The naval Battle of Stromboli took place on 8 January 1676 during the Franco-Dutch War between a French fleet of 20 ships under Abraham Duquesne and a combined fleet of 19 Dutch and one Spanish ship under Lieutenant-Admiral-General Michiel de Ruyter that lasted eight hours and ended inconclusively. The fleets fought again at the Battle of Augusta.

Geppetto (film)

Geppetto is a 2000 made-for-television musical remake of the popular Italian children's book The Adventures of Pinocchio and the original 1940 Disney film, starring Drew Carey and Julia Louis-Dreyfus debuting on The Wonderful World of Disney. It featured original songs written by Stephen Schwartz. Schwartz had developed the songs as a reunion for Mary Poppins stars Julie Andrews and Dick Van Dyke, but Andrews was undergoing throat surgery so the idea was dropped.

Carey's role in the film became a recurring butt of jokes on his series Whose Line is it Anyway?.

Ingrid Bergman

Ingrid Bergman (29 August 1915 – 29 August 1982) was a Swedish actress who starred in a variety of European and American films. She won many accolades, including three Academy Awards, two Primetime Emmy Awards, a Tony Award, four Golden Globe Awards, and a BAFTA Award. She is best remembered for her roles as Ilsa Lund in Casablanca (1942), and Alicia Huberman in Notorious (1946).

Bergman was born in Stockholm to a Swedish father and a German mother, and started her career as an actress in Swedish and German films in the 1930s. Her introduction to American audiences came with her starring role in the English-language remake of Intermezzo (1939). At her insistence, producer David O. Selznick agreed not to sign her to a contract—for four films, rather than the then-standard seven-year period, also at her insistence—until after Intermezzo had been released. Selznick's financial problems meant that Bergman was often loaned to other studios. Apart from Casablanca, her performances from this period include Victor Fleming's remake of Dr. Jekyll and Mr. Hyde (1941), For Whom the Bell Tolls (1943), Gaslight (1944), and The Bells of St. Mary's (1945). Her last films for Selznick were Alfred Hitchcock's Spellbound (1945) and Notorious (1946). Her final film for Hitchcock was Under Capricorn (1949).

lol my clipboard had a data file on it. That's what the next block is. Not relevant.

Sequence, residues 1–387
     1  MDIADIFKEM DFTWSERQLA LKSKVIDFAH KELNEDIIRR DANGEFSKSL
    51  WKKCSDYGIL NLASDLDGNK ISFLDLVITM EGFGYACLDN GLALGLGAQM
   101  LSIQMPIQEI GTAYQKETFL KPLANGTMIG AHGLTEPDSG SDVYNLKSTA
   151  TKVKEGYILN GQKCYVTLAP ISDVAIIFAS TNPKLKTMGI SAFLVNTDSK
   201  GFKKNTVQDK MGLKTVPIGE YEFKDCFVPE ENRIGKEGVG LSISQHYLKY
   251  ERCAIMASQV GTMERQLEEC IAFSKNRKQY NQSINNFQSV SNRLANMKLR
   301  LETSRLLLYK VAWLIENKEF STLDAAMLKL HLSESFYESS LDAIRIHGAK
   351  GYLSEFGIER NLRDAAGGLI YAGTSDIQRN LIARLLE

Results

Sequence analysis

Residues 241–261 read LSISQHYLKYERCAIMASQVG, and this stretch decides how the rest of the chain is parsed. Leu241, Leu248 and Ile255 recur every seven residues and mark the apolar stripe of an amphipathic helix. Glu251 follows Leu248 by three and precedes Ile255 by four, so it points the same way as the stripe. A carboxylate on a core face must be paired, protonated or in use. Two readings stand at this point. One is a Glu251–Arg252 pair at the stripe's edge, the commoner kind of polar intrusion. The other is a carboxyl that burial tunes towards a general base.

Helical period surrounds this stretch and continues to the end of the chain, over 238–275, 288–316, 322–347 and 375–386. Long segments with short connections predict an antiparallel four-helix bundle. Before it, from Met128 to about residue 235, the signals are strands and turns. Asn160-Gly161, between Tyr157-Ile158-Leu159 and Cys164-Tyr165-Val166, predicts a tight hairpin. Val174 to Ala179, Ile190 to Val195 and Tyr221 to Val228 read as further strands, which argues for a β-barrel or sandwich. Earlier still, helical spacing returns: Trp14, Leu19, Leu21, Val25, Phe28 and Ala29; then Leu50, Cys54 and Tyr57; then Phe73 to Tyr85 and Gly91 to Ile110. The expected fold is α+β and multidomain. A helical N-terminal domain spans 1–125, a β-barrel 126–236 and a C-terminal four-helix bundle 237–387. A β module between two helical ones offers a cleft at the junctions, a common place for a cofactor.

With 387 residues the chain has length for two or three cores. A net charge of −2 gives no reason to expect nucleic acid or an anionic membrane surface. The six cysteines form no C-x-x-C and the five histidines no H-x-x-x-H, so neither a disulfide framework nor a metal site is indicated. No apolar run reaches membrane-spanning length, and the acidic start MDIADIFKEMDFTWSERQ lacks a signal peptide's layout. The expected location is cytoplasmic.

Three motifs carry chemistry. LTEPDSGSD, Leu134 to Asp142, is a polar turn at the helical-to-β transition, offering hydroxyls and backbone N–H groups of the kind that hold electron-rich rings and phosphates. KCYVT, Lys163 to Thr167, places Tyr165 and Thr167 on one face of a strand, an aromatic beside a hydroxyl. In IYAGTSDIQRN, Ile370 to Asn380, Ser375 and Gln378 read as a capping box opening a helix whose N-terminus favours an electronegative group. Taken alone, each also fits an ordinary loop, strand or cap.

After a decade in American films, she starred in Roberto Rossellini's Stromboli (1950), following the revelation that she was having an extramarital affair with the director. The affair and then marriage to Rossellini created a scandal in the U.S. that forced her to remain in Europe for several years, after which she made a successful return to working for a Hollywood studio in Anastasia (1956), for which she won her second Academy Award. Although she starred in a bunch of Hollywood films in subsequent years, they were all shot in Europe, and she did not film in Hollywood again until 1969.